Cecelia's articles are illustrated by Allan who enjoys photography. Cecelia is also the author of: "Silver Springtime", "All for Love", "Mystic Evermore" and the new release: "Faith and Love". https://creativearts2009-picturefiles.blogspot.com/
Published May 1st 2017
Be dwarfed beside the big blade
Australia has been home to its "big" statues and tourist icons for many years, the "Big Merino" at Goulburn, the "Big lobster" at Kingston, SE, and the "Big Banana" at Coff's Harbour. (Some of the big attractions, like the "Big Orange" at Renmark, are sadly no longer open to the public.) Most of the big attractions commemorate our agricultural heritage, but the "Big Blade" at Snowtown represents the advancement of modern technology and Australia's commitment to the generation of ecologically friendly energy.
According to signage at the site, in 2008 90% of Australia's energy production was from coal, a non-renewable source. Construction of the Snowtown Windfarm commenced in 2007, through Trust Power and Suzion energy. The Barunga ranges around Snowtown were selected because they enjoyed wind speeds of 30 km/hour off the southern ocean. Snowtown is also close to the main power lines serving the state.
The "Big Blade" represents an actual blade on one of the wind turbines which can be seen in the distance spinning on the hills. According to Wind Watch (wind-watch.org) The popular GE 1.5-megawatt model has 116 foot (35.35 meter) blades mounted on 212 foot (64.62 meter) poles. The 1.8 and 2 megawatt models are even larger! The turbines stand on ridges in the Barunga-Hummocks Ranges, stretching for almost 30 kilometers. They begin about 5 km out of Snowtown and can be seen as you drive along the Port Augusta Highway, or the inland road to Port Pirie.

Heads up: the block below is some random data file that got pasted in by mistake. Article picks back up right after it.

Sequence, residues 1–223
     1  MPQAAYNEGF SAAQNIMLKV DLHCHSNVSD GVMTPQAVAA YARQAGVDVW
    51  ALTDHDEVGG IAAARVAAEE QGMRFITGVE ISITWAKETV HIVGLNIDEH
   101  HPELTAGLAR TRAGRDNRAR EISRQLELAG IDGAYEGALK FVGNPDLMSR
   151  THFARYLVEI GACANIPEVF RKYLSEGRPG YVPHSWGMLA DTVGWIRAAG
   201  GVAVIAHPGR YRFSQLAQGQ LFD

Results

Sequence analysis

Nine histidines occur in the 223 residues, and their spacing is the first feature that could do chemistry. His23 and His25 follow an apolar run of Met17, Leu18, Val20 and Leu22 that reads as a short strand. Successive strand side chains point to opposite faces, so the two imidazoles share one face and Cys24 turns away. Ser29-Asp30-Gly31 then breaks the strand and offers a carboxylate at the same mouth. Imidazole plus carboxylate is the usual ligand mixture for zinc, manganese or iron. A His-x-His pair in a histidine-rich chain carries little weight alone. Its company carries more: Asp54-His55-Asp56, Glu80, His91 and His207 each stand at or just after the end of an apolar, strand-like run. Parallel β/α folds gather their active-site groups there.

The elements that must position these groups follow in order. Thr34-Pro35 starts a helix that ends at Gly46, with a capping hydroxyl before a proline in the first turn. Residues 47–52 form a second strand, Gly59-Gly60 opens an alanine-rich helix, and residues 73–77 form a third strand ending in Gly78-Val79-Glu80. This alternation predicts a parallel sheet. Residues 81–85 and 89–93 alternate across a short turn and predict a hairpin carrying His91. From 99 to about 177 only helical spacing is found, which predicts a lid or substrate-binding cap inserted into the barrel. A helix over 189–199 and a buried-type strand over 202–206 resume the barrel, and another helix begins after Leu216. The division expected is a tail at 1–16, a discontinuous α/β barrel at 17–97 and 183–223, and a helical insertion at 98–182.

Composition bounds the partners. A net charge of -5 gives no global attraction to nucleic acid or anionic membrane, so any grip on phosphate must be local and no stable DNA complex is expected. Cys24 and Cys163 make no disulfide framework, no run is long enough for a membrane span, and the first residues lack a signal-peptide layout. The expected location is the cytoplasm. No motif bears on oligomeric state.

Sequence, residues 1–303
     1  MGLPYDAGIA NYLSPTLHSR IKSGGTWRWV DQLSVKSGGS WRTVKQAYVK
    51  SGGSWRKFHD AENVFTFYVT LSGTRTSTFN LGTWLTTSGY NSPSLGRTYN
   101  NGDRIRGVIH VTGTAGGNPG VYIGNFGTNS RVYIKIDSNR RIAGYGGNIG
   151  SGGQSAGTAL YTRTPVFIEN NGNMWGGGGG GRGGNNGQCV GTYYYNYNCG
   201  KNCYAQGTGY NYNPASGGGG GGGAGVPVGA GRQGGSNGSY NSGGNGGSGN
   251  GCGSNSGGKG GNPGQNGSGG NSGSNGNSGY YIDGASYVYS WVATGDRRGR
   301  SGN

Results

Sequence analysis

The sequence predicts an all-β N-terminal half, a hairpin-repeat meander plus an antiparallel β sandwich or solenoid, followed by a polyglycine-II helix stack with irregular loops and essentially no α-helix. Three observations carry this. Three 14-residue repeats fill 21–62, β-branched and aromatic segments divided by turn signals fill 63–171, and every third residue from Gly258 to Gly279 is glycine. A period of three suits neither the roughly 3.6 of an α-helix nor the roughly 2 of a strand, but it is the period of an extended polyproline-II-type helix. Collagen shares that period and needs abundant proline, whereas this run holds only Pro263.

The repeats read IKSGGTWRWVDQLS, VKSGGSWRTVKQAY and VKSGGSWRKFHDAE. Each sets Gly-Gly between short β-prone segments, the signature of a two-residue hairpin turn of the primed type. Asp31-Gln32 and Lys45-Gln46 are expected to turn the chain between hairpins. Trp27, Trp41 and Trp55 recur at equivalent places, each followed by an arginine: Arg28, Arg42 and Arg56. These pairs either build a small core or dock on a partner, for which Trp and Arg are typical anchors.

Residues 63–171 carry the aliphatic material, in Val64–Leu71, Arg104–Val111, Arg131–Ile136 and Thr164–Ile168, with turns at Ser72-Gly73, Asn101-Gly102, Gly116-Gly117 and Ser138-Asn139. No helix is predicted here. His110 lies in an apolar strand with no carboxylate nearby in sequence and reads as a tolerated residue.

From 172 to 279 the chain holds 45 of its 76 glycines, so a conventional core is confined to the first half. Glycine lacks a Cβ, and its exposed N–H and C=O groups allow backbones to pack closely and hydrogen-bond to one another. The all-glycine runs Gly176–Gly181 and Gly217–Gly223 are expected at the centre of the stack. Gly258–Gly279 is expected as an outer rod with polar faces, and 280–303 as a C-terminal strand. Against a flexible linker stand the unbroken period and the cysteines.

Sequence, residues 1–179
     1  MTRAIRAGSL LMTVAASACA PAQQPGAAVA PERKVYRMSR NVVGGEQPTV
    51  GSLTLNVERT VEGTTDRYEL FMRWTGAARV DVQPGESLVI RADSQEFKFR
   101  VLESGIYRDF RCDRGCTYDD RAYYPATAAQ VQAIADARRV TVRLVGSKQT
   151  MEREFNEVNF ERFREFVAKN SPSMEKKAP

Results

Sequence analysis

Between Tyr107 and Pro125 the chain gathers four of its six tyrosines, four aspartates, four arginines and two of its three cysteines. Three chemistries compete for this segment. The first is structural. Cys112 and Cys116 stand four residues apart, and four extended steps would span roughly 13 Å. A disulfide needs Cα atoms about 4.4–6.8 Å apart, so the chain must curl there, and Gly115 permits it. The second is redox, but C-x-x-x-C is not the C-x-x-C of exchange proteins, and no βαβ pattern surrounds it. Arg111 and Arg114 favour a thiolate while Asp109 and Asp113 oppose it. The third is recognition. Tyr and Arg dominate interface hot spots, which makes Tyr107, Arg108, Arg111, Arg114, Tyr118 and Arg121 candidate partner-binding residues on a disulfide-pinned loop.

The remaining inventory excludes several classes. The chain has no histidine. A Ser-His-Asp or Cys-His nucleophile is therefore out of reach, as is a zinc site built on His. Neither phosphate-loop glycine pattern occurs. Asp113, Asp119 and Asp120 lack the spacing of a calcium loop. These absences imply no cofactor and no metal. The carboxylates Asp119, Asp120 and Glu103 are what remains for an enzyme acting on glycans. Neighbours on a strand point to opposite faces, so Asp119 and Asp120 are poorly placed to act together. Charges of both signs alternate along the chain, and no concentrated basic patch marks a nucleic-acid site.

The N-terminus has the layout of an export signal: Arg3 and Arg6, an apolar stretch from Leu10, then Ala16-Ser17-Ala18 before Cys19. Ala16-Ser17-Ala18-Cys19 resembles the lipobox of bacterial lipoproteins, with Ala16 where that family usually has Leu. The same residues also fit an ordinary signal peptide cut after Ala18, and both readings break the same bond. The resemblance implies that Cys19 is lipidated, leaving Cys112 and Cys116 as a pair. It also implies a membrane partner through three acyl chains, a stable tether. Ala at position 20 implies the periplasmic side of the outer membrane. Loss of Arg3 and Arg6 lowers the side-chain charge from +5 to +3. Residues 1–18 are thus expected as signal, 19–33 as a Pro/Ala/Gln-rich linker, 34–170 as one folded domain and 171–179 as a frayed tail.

According to (power-technology.com) the Snowtown wind farms were extended in 2014 by two developments, known as "Snowtown II North" and "Snowtown II South" farms. The North farm has 48 turbines, while the South farm has 42 wind turbines. These developments were placed alongside the original Snowtown wind farm.
While wind generated electricity is a developing technology, the use of wind power is ancient and traditional, seen in sailing boats and windmills that pump water or grind grain. Windmills have been erected in paddocks throughout Australia since the 1800s.
The "Big Blade" monument is located on the northern end of the main street (called Railway Terrace East) in Snowtown. Alongside the Big Blade is an attractive picnic area and public conveniences, which feature beautifully painted rural murals. Opposite the Big Blade is the Soldiers' Memorial Hall, rose garden and historic hotel.